Thank you for writing about the apparent double standard of Americans who are unwilling to pay more taxes to fund more government services but are quick to offer an opinion as to what services should receive additional funding (Down on the Levy, March 2004).
Your survey did not appear to address the more relevant question
of whether Americans would be willing to pay more in taxes to
maintain the same level of services they have enjoyed in the past.
I would guess that the results would be similar. I would also guess
that many Americans think government should be forced to do more
with less, and that it would all be made possible by a swift
identification and correction of that elusive animal called Fraud
COUNT ON US
I would like to commend you on your fine magazine it is one of my favorite technical magazines (the company I work for even had a full-page ad just inside the front cover).
But I have found a mistake in the February 2004 issue, which I wanted to bring to your attention. On page 37 in the Growing Young Men population bar charts, I count 66 bars, which I would presume represent the ages 0-65. But the axis label on these bar charts goes from 0-60. I suspect these custom labels were hard-coded by hand, and that the 60 should really be 65.
Being somewhat of a SAS/Graph guru, I have included a SAS/Graph imitation of your graph, showing what the correct graph should look like.
SAS allows me to create these custom axis labels
programmatically, therefore ensuring that the text in the label is
correct (since the text is derived from the actual numeric
ROBERT ALLISON, PHD
SAS Institute, Inc
BELIEVE IT OR NOT
On page 13 of your April 2004 issue, there was an article entitled, Still a Hidden Market with a connected box of data (Gay Magnet Metros).
I understand why you might choose to write such a piece. However, I think you grossly misrepresented the facts in the article. It is terrible editing, writing and journalism to place such a misleading statement as:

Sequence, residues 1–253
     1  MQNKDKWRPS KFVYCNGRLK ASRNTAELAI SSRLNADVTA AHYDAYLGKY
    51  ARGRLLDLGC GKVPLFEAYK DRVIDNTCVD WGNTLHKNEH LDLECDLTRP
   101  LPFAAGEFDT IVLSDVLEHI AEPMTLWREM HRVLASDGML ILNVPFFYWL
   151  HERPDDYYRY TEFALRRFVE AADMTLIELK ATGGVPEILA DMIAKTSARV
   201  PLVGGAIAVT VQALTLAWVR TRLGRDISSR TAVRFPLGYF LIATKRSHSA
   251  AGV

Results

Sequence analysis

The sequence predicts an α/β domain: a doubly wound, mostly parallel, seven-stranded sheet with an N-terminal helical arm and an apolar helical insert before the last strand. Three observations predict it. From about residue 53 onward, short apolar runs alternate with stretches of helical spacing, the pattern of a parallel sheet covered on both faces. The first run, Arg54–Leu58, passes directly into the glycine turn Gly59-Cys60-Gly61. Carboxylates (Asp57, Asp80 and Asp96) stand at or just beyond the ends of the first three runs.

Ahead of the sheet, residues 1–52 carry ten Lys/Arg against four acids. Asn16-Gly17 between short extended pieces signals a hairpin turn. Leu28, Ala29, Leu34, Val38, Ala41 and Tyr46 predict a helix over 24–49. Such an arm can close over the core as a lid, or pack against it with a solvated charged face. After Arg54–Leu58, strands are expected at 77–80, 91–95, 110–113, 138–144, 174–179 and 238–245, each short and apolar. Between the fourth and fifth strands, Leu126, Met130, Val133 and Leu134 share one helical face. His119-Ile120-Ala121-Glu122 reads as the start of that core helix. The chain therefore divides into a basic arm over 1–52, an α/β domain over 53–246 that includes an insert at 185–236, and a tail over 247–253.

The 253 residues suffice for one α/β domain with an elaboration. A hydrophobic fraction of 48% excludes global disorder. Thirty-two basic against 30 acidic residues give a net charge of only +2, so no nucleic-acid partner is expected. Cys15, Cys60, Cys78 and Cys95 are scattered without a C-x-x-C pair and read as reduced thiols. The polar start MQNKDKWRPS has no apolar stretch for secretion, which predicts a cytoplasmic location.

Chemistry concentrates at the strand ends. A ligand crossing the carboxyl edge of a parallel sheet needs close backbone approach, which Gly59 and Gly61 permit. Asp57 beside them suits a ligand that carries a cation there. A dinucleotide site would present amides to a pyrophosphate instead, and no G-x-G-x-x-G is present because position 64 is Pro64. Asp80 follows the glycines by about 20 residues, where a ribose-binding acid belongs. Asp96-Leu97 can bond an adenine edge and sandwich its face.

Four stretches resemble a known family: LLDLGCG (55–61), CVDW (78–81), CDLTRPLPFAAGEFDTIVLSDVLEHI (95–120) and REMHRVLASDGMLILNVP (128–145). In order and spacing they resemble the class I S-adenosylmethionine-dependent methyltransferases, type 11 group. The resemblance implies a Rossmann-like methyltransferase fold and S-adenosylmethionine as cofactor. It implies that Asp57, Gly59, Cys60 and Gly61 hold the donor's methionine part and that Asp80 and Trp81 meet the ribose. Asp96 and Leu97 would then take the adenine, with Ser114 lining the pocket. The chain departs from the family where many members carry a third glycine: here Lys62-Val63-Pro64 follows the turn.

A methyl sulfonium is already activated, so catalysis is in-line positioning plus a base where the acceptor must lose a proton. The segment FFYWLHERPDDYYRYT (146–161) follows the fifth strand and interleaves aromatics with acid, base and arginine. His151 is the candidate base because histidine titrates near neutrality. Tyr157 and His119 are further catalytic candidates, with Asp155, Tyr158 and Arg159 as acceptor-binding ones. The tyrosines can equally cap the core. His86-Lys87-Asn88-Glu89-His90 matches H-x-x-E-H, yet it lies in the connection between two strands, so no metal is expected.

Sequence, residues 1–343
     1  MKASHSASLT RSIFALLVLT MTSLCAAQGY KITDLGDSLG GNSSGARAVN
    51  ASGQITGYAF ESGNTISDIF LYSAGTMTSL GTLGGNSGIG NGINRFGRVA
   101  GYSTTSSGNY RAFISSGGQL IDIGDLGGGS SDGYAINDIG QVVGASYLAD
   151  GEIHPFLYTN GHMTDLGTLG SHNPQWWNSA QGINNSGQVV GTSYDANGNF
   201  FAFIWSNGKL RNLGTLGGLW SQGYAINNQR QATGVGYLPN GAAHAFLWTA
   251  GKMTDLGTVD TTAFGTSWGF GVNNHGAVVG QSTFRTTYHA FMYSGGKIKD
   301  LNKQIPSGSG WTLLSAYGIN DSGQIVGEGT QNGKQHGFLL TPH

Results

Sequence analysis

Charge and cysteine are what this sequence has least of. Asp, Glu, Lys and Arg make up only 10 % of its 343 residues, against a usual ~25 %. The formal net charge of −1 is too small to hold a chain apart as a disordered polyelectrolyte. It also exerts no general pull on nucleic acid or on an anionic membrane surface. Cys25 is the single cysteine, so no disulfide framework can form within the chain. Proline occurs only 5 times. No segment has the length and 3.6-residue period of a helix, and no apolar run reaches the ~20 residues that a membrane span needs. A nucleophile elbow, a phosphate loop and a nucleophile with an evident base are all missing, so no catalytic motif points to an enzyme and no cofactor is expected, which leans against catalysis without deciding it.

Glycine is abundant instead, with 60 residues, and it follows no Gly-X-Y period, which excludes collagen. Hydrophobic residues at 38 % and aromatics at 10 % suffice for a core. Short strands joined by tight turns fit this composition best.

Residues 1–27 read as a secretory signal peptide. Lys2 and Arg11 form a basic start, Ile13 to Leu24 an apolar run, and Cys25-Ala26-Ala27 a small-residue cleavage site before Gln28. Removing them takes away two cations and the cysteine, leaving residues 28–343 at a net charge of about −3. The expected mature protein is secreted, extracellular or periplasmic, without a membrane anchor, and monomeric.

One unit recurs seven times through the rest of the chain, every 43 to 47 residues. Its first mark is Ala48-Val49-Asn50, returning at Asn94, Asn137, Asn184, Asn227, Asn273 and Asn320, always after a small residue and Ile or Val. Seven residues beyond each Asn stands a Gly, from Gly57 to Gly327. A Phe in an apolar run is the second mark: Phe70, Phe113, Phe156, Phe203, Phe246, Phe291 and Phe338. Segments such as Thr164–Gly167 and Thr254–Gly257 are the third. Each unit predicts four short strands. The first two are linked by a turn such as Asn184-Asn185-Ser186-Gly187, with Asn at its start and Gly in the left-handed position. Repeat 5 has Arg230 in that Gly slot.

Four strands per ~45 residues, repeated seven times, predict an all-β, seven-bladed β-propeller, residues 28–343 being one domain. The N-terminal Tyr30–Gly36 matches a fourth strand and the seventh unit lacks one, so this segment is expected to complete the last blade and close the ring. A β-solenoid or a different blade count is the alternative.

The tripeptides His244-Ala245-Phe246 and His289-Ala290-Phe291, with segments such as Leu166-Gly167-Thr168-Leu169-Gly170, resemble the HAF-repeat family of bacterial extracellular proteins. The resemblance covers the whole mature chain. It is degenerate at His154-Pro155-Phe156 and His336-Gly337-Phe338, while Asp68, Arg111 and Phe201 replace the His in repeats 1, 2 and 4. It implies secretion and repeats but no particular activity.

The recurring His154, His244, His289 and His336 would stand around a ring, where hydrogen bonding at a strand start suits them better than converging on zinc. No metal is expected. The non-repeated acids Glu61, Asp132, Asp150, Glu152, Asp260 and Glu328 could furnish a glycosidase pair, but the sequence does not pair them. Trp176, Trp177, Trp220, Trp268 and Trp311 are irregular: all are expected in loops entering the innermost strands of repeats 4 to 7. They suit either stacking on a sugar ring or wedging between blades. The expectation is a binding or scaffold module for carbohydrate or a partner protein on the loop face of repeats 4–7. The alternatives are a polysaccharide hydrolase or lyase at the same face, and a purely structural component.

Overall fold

The Human Rights Campaign says that estimate could be off by as much as 62 percent. More reliable estimates of gay, lesbian and transgender individuals range from 10.5 million to 26 million, or from 3.6 percent to 8.9 percent of the U.S. population.
Perhaps you would quote me as credibly as you did the Human Rights Campaign (who is that?) if I were to say that estimates could be off by as much as 50 percent from Census 2000 and actually represent only 0.25 percent of households in U.S. In fact, your sentence More reliable estimates makes no mention of who in fact believes such a wild number of gays/lesbians/transgender individuals are part of the U.S. population.
So, it seems that your numbers can be either based on fact, or just whatever someone may believe, based on their agenda. Is that the case? If so, the volumes of data you turn out may be grossly flawed and worthless!
You have really caused me to question the validity of
American Demographics. Can you restore credibility?
THOMAS K. CROW
Charlotte's First Baptist Church